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The poppy anemone is a perennial plant, 20-40 cm tall, with a tuber and deeply lobed leaves. It belongs to the Ranunculaceae family.
The flowers are large and showy, with five or more petals colored red, white, pink or violet, and a black centre rich in pollen.
Poppy anemones are common in sunlit areas throughout most of Palestine, and often create dazzling red carpets seen from afar. Flowering occurs from January to March, peaking in February. Anemones thrive in grazed environments, where they experience less competition for light from other plant species.
The red flower variety is the most drought-resistant and hence the most common, whereas other color variants can be found mostly in northern and mountainous populations growing on lime-poor soils. A single anemone flower blooms for more than week. During the course of bloom, the flower gradually grows in size and its stem further elongates; additionally, the flower changes its position along the day, constantly facing the sun. At the end of bloom, the petals fall off and the mature seeds, surrounded by a cottony fluff, remain on the elongate stalk and are gradually dispersed by the wind.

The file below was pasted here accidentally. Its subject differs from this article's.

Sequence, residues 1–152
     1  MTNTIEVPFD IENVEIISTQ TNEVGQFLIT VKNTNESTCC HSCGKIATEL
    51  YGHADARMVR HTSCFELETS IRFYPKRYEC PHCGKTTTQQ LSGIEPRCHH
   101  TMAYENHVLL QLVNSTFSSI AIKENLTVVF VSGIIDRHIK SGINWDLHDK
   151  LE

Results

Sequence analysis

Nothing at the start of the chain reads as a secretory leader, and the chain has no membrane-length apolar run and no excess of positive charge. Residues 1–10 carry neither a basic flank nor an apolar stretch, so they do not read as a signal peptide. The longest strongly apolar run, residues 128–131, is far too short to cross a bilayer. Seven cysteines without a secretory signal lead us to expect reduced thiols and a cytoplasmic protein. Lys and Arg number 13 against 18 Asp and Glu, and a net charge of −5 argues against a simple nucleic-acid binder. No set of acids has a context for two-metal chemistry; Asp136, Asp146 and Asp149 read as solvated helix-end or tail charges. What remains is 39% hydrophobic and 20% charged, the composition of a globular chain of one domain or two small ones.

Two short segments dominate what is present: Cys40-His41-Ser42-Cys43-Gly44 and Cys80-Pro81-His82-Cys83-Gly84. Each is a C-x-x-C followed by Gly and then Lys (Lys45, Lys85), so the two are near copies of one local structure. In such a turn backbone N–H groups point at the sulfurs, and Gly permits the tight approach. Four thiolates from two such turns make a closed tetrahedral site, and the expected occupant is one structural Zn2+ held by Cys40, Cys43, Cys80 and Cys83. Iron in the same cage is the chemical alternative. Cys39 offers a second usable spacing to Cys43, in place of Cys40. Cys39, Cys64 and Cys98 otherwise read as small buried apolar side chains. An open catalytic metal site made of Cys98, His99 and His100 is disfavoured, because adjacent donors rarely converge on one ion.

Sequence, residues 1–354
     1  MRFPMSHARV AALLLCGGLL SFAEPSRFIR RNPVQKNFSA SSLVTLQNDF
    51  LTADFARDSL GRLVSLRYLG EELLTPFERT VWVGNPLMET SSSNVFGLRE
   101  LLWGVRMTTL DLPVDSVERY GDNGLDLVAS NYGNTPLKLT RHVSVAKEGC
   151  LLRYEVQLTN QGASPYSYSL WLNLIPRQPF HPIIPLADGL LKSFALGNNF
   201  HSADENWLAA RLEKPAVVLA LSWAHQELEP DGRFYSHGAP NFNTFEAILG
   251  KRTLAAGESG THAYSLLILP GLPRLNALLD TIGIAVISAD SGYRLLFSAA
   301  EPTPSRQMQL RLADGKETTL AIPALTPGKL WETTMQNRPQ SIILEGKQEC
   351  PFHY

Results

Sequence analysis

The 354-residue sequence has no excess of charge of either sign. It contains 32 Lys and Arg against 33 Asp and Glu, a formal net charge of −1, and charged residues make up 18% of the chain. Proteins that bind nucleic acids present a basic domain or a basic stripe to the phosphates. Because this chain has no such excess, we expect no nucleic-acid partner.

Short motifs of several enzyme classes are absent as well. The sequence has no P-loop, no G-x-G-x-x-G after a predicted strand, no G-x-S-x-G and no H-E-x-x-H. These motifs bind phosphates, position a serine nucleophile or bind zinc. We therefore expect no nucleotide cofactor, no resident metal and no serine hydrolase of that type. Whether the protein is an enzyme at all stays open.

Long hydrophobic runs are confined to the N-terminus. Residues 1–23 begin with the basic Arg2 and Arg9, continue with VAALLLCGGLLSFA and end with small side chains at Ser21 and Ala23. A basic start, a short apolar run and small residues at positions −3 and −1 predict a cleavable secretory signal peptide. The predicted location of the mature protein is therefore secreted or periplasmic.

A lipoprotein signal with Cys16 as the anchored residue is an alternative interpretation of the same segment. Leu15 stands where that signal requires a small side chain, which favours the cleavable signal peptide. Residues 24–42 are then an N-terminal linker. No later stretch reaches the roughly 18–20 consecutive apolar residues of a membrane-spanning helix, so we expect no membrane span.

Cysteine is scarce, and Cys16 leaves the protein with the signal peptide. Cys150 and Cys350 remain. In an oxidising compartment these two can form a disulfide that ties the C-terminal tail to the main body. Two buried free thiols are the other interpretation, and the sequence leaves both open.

Poppy anemone flowers produce copious amounts of pollen but no nectar, and are pollinated by a large variety of insects, including beetles, bees and flies. Red anemone flowers further attract a special type of beetles called bumble bee scarab beetles (family Glaphyridae), which are one of the few insect groups that can detect red color in their vision.
The Arabic name of the plant, Shaqa'iq An-Naa'man, meaning 'the wounds of Naa'man', may be derived from the Canaanite god of spring bearing this name.